PERRY -- Houston County school board members are considering allowing a private firm to add photo-enforcement cameras to about 20 of the systems 237 buses.
After discussing the measure at a work session Monday night, board members opted to pull the matter from Tuesdays regular meeting agenda and delay consideration on the proposal until their August meeting.
Members wanted a definitive number of buses that would have the cameras and an actual memorandum of understanding between the school system and the Houston County Sheriffs Office in hand before voting. Frank Scott, director of transportation for the school system, had told the board that the estimate of 20 buses was not set in stone and may change.
The proposal calls for American Traffic Solutions to install the cameras on the stop arms that extend from buses stopped to pick up and let off students before and after school.
ATS would incur all the costs associated with the installation and issuance of tickets to motorists who violate the law and pass a school bus that has its stop arm extended, Scott told board members.
The camera snaps both a video and a still photo that is sent to the Houston County Sheriffs Office for review. If warranted, a citation is issued by the sheriffs office and mailed to the violator by the private company, Scott said.
Revenues from the tickets would be shared among the company, school system and sheriffs office, according to information provided to board members at Mondays meeting.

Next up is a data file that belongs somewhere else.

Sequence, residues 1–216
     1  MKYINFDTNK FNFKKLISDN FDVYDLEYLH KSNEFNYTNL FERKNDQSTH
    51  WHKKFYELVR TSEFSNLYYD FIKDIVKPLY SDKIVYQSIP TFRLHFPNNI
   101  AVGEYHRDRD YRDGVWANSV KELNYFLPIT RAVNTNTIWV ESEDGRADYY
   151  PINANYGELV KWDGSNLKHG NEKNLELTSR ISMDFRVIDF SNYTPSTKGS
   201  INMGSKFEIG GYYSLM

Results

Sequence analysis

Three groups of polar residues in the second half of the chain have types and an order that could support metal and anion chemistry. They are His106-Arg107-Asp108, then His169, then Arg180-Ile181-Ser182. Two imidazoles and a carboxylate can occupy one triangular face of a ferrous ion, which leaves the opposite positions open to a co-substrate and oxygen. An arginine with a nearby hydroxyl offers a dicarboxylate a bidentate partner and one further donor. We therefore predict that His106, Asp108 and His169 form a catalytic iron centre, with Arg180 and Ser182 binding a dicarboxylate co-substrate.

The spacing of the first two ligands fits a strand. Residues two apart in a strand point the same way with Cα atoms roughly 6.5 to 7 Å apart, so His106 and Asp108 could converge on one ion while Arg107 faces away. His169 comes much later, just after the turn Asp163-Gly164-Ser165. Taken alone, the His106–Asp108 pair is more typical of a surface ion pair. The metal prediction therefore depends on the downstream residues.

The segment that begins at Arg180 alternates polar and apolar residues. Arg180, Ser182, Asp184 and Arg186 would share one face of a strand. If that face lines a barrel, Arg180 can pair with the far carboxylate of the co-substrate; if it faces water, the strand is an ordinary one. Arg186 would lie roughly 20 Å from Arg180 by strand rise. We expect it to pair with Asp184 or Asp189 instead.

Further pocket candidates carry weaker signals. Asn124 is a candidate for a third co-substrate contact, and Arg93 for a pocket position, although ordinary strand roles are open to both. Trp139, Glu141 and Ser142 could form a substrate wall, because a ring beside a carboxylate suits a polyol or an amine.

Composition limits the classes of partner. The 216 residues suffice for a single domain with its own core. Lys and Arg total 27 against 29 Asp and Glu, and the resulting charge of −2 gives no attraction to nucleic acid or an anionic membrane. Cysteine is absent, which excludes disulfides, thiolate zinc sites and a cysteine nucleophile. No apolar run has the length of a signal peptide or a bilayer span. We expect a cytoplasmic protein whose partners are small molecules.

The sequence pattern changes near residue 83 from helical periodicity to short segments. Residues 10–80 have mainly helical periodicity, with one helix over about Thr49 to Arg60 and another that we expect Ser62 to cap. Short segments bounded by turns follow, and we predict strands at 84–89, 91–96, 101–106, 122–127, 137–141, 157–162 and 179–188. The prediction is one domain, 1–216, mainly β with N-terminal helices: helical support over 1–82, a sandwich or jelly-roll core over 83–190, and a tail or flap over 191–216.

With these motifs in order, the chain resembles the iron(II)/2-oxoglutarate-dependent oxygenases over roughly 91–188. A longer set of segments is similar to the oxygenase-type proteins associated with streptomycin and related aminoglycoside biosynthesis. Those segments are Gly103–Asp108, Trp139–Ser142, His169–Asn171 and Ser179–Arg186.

The first year, ATS would receive the lions share of the revenues, or 75 percent, to offset installation costs, Scott said. The remaining 25 percent would be shared between the school system and the sheriffs office, he said. That distribution has yet to be worked out and would be specified in the memorandum of understanding, Scott said.
Toby Hill told fellow board members he was not comfortable with the school system earning revenues off tickets -- something that is not in the boards area of expertise.
Board member Marianne Melnick said she sees the proposal more as a safety issue.
The school system conducted a one-day survey during the 2010-2011 school year and found 36 incidents where the extended stop arm was ignored by motorists. A similar one-day survey during the 2011-12 school year found that motorists ignored the extended arm in 86 incidents.
To contact writer Becky Purser, call 256-9559.